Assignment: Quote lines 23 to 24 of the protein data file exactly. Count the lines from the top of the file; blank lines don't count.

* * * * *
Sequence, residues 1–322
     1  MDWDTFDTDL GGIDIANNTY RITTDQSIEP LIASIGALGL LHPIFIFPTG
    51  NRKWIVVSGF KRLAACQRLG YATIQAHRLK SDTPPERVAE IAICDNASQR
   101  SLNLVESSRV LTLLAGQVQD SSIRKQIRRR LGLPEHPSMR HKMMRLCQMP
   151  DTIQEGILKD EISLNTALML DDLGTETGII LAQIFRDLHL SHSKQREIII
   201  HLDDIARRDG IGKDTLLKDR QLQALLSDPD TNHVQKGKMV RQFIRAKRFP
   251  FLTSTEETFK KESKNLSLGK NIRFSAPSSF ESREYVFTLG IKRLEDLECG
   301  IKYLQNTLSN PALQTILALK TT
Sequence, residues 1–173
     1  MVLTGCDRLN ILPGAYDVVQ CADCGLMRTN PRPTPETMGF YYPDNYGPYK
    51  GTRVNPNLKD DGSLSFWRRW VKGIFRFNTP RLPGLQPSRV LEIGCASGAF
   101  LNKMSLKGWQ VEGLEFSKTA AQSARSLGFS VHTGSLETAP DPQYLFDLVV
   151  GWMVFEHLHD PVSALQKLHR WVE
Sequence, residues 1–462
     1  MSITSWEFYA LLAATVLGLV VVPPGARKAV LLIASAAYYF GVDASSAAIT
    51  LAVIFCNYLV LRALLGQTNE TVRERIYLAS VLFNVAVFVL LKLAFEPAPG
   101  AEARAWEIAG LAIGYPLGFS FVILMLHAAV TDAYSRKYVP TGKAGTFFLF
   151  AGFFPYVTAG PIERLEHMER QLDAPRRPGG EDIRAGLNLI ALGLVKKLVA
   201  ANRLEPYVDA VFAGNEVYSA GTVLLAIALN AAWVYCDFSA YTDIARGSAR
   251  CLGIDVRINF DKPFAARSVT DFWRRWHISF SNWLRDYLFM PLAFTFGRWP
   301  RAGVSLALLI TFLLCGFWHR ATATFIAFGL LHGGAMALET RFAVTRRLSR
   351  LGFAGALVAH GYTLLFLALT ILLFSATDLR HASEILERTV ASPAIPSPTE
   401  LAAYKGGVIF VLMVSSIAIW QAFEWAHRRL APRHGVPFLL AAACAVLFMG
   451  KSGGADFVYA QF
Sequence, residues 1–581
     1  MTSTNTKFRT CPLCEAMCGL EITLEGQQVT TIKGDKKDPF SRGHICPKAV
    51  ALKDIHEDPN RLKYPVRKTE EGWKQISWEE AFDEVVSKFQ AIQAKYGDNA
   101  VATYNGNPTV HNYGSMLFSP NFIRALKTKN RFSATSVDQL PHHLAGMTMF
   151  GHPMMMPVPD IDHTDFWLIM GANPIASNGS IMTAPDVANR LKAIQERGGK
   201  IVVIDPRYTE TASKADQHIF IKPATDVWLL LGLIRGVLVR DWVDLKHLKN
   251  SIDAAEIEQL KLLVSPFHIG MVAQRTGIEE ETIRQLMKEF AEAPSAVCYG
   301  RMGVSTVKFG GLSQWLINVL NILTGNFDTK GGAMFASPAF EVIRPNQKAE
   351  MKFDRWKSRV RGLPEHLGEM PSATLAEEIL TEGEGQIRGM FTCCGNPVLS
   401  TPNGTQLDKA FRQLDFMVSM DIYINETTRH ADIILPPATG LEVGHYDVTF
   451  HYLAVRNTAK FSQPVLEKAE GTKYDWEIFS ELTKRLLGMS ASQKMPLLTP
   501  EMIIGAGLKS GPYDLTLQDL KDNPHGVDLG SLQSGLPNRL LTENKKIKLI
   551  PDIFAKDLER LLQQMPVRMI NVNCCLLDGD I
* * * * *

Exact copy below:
   401  LAAYKGGVIF VLMVSSIAIW QAFEWAHRRL APRHGVPFLL AAACAVLFMG
   451  KSGGADFVYA QF